The Rio Grande Compact is an interstate compact signed in 1938 in the United States between the states of Colorado, New Mexico, and Texas, and approved by the United States Congress, to equitably apportion the waters of the Rio Grande Basin.
The treaty was ratified by Colorado’s legislature on February 21, 1939, then by Texas and New Mexico’s legislatures on March 1. It was finally adopted on December 19, 1939 after passing through Congress (as Public Act No. 96, 76) and being signed into law on May 31, 1939.
The act was amended at the thirteenth Annual Meeting, on February 25, 1952.
Colorado committed to deliver a certain amount of water to the New Mexico state line, based on water runoff as measured at four index stations located in the area of the Rio Grande’s headwaters. The compact provides for an indexed schedule of required water deliveries from Colorado, based on gauged stream flows, and, under certain circumstances, a system of debits and credits in water deliveries that also permits water storage with the combined capacity of Elephant Butte and Caballo Reservoirs.
The compact also sets a minimum quality standard, as in the event that Colorado was to construct water projects later for the purpose of delivering water into the Rio Grande from the Closed Basin, the state would not be credited with the water delivered unless the sodium ions in the water do not exceed 45% of the total positive ions when the total dissolved solids in the water exceeds 350ppm.
Between 1939-1966, Colorado virtually ignored the compact. The result was that by 1966, due to Colorado’s non-compliance with the Compact, Colorado owed New Mexico one-million acre feet (1.2 km³) of water, and New Mexico owed Texas 500,000 acre feet (620,000,000 m3) dry bag camera. New Mexico and Texas collectively sued Colorado to try to force compliance, and between 1966–1967, the case progressed and was eventually heard by the Supreme Court of the United States.
In 1985, after several affluent years of water flow from the Rio Grande, the Elephant Butte and Caballo reservoirs reached capacity, having received more water than they could hold. The terms of the Compact state that once the Elephant Butte reservoir is filled, New Mexico and Colorado are immediately released from any water debt they have accrued. Colorado’s debt to New Mexico at the time, 500,000 acre feet (620,000,000 m3) of water, was immediately cleared, settling the balance between the two states, but leaving New Mexico in an unfortunate position in its debt to Texas.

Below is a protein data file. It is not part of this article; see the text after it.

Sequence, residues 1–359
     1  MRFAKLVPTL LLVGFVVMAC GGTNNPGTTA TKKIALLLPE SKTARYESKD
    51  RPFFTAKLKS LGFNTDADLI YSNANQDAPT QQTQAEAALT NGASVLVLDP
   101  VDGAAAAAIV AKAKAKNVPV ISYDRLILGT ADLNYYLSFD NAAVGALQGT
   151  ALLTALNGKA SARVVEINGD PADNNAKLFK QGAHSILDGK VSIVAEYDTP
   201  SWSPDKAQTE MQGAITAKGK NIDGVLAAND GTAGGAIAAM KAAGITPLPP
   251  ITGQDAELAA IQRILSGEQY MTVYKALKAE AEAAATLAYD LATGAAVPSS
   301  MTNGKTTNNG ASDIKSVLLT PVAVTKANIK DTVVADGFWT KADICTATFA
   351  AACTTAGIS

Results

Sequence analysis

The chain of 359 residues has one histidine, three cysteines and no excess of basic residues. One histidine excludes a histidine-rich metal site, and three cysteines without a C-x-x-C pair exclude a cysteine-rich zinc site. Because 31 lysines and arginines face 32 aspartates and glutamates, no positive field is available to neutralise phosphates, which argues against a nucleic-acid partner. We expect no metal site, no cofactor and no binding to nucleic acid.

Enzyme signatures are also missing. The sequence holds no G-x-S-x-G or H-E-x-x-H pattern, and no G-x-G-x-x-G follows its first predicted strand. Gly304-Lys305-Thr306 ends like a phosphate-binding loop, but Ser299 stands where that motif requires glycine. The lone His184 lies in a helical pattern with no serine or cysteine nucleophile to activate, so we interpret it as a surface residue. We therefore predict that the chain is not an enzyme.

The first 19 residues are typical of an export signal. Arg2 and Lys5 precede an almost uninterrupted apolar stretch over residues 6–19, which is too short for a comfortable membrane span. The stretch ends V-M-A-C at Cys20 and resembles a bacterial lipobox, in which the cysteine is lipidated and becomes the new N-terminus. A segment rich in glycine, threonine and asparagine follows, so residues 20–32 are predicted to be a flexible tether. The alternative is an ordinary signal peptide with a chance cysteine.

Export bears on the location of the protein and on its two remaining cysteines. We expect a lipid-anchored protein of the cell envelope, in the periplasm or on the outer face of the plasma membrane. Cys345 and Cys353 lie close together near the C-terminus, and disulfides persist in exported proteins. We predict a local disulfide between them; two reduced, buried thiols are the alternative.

In 1996, when the reservoir was again close to capacity, the New Mexico water districts below Elephant Butte authorized water from the reservoir to be pulled out and dumped in the New Mexico desert, to prevent the reservoir from spilling, and again clearing Colorado’s water debt juventus football shirt.
The stress now is on New Mexico to meet its obligations to Texas. During dryer years, New Mexico will be short about 80,000 acre feet (99,000,000 m3) in its obligations, partially due to partial evaporation of the reservoir water before New Mexico can absorb it leak free water bottle.
The Rio Grande Compact Commission, located in El Paso, Texas, administers the Rio Grande Compact. An employee of the USGS New Mexico Water Science Center serves as Secretary to the Compact. The principal duty of the Secretary is to compile streamflow and storage data used in the annual accounting computations performed by the Commission’s Engineer Advisers. The Secretary also compiles provisional streamflow and storage data on a monthly basis that are distributed to interested parties, and compiles and publishes an annual data report for the Commission.
The Texas Commission on Environmental Quality is Texas’ representation to the Commission.
During a 1999 United States House of Representatives investigation of inter-state water pacts, Bennett W. Raley offered testimony revealing that efforts to comply with the demands of the Compact could be threatening a critical habitat for the Rio Grande Silvery Minnow.